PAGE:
Purse seines are large, vertically floating nets (made of monofilament or plastic) which boats use to surround shoals of fish they have identified on a fish finding sonar. Each net can be up to one mile long. Once fish are in the net, the base is drawn together, creating a ‘purse’. This method catches large volumes of fish. It is also used for catching live tuna for ongrowing in pens (called ‘ranching’).
Examples of target species
- Tuna (both for direct capture and ranching), herring, mackerel.
- Habitat damage - purse seines do not come into contact with the seabed so are not associated with damage to marine habitat.
- Bycatch of vulnerable species - depending on the fishery, purse seines may catch vulnerable species; purse seining targeting tuna has been particularly associated with notable bycatch of mammals and sharks.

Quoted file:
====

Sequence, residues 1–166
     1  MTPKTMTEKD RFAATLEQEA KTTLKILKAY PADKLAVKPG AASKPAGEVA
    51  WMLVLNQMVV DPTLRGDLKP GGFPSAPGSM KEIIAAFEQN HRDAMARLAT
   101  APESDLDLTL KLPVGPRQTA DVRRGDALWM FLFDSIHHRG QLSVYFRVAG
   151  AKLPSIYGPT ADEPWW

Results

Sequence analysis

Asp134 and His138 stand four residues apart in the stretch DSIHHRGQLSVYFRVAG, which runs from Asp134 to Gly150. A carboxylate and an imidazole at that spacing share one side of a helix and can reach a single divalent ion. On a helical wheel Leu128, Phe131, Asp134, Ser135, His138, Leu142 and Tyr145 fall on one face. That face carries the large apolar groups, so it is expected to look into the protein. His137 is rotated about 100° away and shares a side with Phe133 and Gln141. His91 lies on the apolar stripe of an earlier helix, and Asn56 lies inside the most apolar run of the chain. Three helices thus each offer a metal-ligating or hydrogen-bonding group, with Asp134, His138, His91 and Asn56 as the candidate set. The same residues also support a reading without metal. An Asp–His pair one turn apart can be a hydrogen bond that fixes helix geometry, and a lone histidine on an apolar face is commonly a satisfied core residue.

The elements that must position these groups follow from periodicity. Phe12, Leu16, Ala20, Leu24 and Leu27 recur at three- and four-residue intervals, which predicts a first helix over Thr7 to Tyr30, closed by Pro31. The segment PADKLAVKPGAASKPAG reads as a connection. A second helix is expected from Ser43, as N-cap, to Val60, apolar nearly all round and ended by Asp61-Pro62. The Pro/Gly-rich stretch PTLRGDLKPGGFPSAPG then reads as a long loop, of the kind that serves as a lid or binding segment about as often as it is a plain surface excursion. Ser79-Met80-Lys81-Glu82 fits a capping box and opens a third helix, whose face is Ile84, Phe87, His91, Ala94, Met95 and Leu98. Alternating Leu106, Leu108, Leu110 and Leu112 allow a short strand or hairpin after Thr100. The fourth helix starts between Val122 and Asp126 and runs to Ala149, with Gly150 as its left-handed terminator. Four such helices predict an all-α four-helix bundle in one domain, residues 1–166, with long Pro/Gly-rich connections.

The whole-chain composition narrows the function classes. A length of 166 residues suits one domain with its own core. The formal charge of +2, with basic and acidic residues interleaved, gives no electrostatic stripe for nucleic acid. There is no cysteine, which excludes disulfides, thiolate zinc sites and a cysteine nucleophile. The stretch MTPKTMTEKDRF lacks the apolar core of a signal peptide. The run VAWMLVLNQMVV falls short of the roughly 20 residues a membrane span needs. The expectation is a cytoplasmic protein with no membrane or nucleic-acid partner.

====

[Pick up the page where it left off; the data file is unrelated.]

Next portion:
- Discards - purse seining can be associated with bycatch of non-target fish and other marine life and the accidental catch and discarding of juvenile commercial fish species.
In some fisheries, observers on board tuna purse seiners check that there is minimal dolphin catch in the nets during fishing.
12 Oct 2022
The summit will consider meat and dairy production and consumption in the context of the climate and nature emergency, where inspiring work and opportunities exist, and the assumptions and underlying values about meat which have shaped our policy to date.
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